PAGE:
Posted on Aug 23, 2010 | Comments 0
Having a meal in Japan can be quite a different experience. You could enjoy it more if you know these things about their traditions and manners.
In lots of restaurants and even homes, floor is made of tatami where you may be invited to sit on cushions and eat at low tables on which the food is served.
‘Itadakimasu’ and ‘gochisosama’, which mean ‘I receive gratefully’ and ‘Thank you for the food’ respectively are greetings before and after meals. In some places, you will be served different dishes on common plates.
You can, however, take the food you want onto your own plate using the other end of the chopsticks.
Sometimes, there will be serving chopsticks which you can use for the purpose.
There are some manners, which if maintained well, look good. It is always good to serve the food in your plate according to the need. Finish everything you have on your plate and do not waste any food. Burping, blowing your nose and such activity is strongly discouraged.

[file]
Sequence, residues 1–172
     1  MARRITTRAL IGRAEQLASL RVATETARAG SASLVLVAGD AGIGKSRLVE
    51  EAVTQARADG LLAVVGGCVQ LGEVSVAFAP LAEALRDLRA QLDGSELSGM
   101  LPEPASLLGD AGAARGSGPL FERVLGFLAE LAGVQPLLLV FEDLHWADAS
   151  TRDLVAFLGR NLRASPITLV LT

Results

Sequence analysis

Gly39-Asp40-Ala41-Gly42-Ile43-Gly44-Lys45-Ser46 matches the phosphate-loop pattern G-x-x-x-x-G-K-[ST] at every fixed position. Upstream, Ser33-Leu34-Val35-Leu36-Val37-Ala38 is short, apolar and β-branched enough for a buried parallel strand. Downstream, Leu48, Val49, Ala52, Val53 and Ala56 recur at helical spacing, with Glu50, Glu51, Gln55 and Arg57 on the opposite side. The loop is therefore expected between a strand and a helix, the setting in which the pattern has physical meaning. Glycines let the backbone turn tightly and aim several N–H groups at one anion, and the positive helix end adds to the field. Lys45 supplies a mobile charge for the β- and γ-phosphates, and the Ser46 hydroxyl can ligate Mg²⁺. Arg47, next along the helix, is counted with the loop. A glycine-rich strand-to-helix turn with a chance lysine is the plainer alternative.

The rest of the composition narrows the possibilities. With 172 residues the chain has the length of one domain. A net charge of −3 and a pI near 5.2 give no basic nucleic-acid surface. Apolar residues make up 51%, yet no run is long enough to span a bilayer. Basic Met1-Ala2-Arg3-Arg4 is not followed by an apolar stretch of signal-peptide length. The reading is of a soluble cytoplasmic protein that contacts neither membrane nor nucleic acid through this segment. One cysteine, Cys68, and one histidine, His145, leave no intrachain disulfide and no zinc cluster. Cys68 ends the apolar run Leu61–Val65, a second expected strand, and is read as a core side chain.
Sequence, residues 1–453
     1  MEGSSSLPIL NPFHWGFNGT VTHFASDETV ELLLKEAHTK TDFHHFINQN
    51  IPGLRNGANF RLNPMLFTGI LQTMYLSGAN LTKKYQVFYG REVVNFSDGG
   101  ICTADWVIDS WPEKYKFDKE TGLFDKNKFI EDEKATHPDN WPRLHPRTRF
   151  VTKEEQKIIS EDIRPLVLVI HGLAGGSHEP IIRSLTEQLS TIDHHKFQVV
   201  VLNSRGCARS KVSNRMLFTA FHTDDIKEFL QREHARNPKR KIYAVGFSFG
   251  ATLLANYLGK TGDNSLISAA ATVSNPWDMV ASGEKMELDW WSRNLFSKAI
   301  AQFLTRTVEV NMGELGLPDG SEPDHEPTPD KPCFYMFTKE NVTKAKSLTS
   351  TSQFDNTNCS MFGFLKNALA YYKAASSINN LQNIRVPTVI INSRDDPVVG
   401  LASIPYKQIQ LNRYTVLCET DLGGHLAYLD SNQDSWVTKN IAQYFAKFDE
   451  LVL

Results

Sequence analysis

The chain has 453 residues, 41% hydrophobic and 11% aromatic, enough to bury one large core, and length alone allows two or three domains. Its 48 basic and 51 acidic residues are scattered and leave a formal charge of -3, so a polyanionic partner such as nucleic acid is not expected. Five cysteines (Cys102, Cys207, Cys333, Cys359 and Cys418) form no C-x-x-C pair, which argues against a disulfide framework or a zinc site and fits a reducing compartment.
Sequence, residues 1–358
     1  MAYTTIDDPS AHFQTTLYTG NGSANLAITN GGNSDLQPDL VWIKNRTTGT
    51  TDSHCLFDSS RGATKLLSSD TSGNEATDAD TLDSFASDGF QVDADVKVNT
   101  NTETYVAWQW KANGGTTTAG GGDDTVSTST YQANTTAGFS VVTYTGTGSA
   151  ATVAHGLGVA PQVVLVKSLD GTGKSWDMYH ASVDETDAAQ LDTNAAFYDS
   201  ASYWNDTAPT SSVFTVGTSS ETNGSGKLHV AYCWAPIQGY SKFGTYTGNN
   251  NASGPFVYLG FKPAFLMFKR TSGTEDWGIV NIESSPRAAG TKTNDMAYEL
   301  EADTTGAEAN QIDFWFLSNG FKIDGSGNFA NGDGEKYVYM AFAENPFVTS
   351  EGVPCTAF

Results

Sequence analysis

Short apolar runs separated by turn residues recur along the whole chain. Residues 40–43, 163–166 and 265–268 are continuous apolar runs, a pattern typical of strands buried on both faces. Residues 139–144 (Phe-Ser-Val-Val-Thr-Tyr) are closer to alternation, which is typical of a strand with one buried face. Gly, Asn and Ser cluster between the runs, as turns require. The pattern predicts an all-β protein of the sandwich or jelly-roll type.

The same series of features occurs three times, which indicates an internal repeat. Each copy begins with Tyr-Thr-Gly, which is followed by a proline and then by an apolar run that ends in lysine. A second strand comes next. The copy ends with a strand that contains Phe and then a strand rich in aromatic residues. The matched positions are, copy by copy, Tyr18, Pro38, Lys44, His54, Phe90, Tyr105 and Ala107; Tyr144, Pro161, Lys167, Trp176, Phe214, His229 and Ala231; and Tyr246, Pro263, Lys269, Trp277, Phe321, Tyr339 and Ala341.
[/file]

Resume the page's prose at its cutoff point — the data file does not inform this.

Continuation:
Do not talk about anything that can make anybody lose their appetite, for instance, toilets. After you finish your meal, try to leave the table as you found it, the plate in the same place, the food covered and the chopsticks in the holder or slip.
If you are drinking, especially alcohol, then the rule is to always serve others before yourself. Also, keep checking to see if someone’s glass is near-empty.
And if you are being served, then on prompting, make sure your glass is empty and ready for the next drink. Avoid getting drunk in formal restaurants especially which serve kaiseki ryori which is a Japanese haute cuisine.
Izakaya ones are more free as long as you do not disturb others. The ‘cheers’ in the West is ‘kampai’ in Japan and wait till it is done to start your drink.
There are specific ways of eating different dishes. For instance, in case of rice, your bowl should be in one hand and the chopsticks in the other. Raise the bowl each time you take a fill.
For sushi, use soya sauce in the accompanying dish and take only as much as you want. Sushi may contain wasabi and so do not add more than needed as it may spoil the sushi and offend the chef. Sushi pieces should be taken one at a time and unbroken.
You would find your eating really enjoyable in Japan if you keep all these things in mind.
Filed Under: Dining Etiquette